Manual Data Recovery With A Hex Editor

Let’s say you use an SD card-base portable audio recorder for work – doing an interview, perhaps. Things go well until one day, you turn the recorder off before stopping the recording. Without pressing that big red Stop button, the file doesn’t close, and you’re left with a very large 0kB file on the SD card. How do you get it back?  There are tools that will do it for you, but they cost money. You can do it yourself with a hex editor, though, and it’s actually pretty easy.

The software required for this feat of data recovery is Roadkil’s Disk Imager to dump all the bits on the SD card to an image file, the free version of ISO Buster to show the block addresses and length of each file, and the hex editor of your choice. The process starts as simply an experiment for hot to create an MP3 file by cutting and pasting bits into a hex editor. A good file was found in the hex editor, copied to a new file, and played. Everything works so far; great.

For the actual data recovery, a spreadsheet was created to make an educated guess as to where the lost file should be. Starting at this address, about 90MB of data was copied into a new hex editor window. This is where the recovery hit a snag. Because the SD card was plugged into a Mac before, a bunch of data was written on the card. This went into the first available place on the disk, which just happened to be the header of the lost MP3 file.

That’s not a problem; there’s already the header from an MP3 file sitting in a hex editor from the first experiment to see if this was possible. By copying a few hundred bytes to the front of the lost file, the file was corrected just enough that an MP3 player could reconstruct the file.

It’s not perfect – the first fifty seconds of the interview was garbled. The rest of the interview was saved, though, and that’s much better than losing the entire thing. Thanks [Lewin] for sending this one in.

Continue reading “Manual Data Recovery With A Hex Editor”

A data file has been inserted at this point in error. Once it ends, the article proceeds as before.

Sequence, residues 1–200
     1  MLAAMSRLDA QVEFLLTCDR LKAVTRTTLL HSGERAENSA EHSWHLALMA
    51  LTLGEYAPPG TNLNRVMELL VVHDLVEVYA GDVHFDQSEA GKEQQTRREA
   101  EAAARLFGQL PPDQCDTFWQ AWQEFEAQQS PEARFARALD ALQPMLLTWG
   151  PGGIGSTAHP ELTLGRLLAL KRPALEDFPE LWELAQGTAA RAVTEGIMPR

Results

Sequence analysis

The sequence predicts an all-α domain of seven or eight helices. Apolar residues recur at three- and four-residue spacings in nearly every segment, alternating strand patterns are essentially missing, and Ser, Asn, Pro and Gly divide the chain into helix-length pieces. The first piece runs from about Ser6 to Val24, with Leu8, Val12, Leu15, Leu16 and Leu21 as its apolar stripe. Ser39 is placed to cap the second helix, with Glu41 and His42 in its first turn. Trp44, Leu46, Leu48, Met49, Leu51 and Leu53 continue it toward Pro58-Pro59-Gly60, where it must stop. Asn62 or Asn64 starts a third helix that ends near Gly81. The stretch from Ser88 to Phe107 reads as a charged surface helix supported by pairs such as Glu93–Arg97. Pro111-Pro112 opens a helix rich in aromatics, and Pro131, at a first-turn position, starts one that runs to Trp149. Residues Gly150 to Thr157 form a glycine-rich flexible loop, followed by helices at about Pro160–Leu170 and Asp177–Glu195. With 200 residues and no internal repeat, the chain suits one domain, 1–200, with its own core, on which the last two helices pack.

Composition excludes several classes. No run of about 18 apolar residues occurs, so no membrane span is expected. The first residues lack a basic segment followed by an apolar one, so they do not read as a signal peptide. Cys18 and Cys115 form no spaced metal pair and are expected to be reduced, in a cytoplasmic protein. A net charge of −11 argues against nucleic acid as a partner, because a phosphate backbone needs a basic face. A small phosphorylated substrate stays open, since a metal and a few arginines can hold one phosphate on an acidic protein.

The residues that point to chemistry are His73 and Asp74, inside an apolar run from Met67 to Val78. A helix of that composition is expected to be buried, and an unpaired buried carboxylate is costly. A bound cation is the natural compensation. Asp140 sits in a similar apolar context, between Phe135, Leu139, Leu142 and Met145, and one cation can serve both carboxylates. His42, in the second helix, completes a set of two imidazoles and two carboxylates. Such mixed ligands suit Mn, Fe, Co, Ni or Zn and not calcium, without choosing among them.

Built-in hex editor unlocks plasma TV features

[Nick] tipped us off about a guide to unlock extra features on Panasonic televisions. The hack works on the G10 models of plasma TVs and uses the service menu to gain access to the EEPROM memory. With a few quick steps you can change some data with a built in hex editor, unlocking several new settings menus, or bricking your entertainment centerpiece. We’ve seen some Samsung TV hacking in the past and hope that with increased processing power in today’s models we’ll someday see consumer TVs available with open-source firmware so that we can integrate of our favorite entertainment software.

Samsung TV firmware hacking


[Erdem] is leading up the efforts to reverse engineer Samsung TV firmware with a project called SamyGo. Official Samsung firmware uses the Linux kernel, making it a familiar system to work with for many developers. So far they’ve implemented NFS and SAMBA for sharing files over the network, improved playback from USB devices, and unlocked the ability to use non-Samsung WiFi dongles.

In order to make changes to the system, you need to enable a telnet connection on the device. The SamyGo team accomplished this by changing an official version of the firmware in a hex editor to start the telnet daemon at boot time. This altered firmware is then flashed using Samsung’s built in upgrade system. Once telnet is enabled, non-official firmware can be manually flashed.

We’d love to see this project expand to other TV Brands in the future. In fact, we were looking for something like this back in June when we realized that our Sony Bravia runs a Linux kernel and can be updated via USB drive.  Be careful if you want to try this out. We can only imagine the fallout after telling your significant other that you bricked a high-priced LCD.